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Biologist holes up with owls

Article Date: 2007-03-01   Source:   Comments: 0

By Molly Murray

Delaware, U.S.A. - For the sleepy screech owl, this clearly was a rude awakening.

There the little night owl was, doing what owls are supposed to do - sleeping away the day - when along came Wayne C. Lehman, a wildlife biologist and regional manager for the state Division of Fish & Wildlife.

For more than a decade now, Lehman has made a habit of interrupting daydreaming owls, plucking them from roosting areas and slapping a metal band on their ankles - all in the name of science.

The banding program, started in 1993, allows state officials to monitor the health of the species, Lehman said. The state program is one of a few taking a closer look at screech-owl populations in the mid-Atlantic. The work is significant because screech owls aren't well-studied.

Nocturnal birds like nighthawks and owls haven't attracted much attention from wildlife biologists. As a result, there isn't much information on the size of populations, the habitats they use or their success in reproducing.

"We just need a whole lot more information on them," said Randy Dettmers, biologist with the U.S. Fish and Wildlife Service Northeast Field Office.

That's where the banding program comes in.

After 13 years of banding, Lehman has learned that some screech owls are long-lived. Lehman has encountered birds he banded 10 years earlier.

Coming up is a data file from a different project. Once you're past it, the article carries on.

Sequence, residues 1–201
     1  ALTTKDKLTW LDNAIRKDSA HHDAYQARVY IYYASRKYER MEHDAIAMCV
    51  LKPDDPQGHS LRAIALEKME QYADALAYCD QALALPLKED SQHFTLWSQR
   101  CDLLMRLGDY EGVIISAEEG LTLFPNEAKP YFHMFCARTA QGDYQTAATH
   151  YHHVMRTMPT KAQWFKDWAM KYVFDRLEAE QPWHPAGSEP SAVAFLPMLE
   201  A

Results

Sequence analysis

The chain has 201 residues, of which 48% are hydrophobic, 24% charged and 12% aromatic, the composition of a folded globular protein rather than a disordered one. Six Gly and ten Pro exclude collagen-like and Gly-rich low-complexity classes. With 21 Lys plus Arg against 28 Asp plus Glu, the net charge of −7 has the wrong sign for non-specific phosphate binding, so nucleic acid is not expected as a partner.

The research also shows the owls stay close to their roosting box. Lehman once discovered a banded screech owl that was hit by a car in Kent County, taken to a rehab center near Newark, released and found two years later back in Kent.

Lehman started his work almost by accident. As a regional wildlife manager, he had the task of cleaning out wood-duck nesting boxes each winter. The wood ducks were long gone. But he found that screech owls often used the empty boxes to roost.

Lehman started attaching small bands to the birds, which allows field researchers to track the owls and record data each time they are recaptured.

"We're getting really valuable information on their home range [and] life span," he said.

On Wednesday, as Lehman opened a plastic wood-duck nesting box at the Little Creek Wildlife Area, he explained that screech owls are typically docile. But this one wasn't so sluggish.

Its yellow eyes grew wide, its wings flapped. The owl turned its head right and then left and tried to figure out what was up.

The owls use the wood-duck boxes to roost and sometimes nest because natural roosting places, such as tree hollows, aren't abundant in areas where forests are used for timber or where trees are removed to make way for development.

Wood ducks and screech owls don't harass one another. If a screech owl wants to use a wood-duck box that's occupied, the screech owl just moves on, Lehman said. There are also boxes specially designed for screech owls.

Although their natural habitats are in forests, screech owls do pretty well in suburban settings, said Paul Green, director of citizen science for the National Audubon Society.

Because the owls are nocturnal, people might not notice them roosting in artificial cavities, such as buckets.

Disclaimer: This article has been reproduced from and placed here for comment. is not responsible for the accuracy of any information in this article, and does not necessarily agree with the author's opinions.

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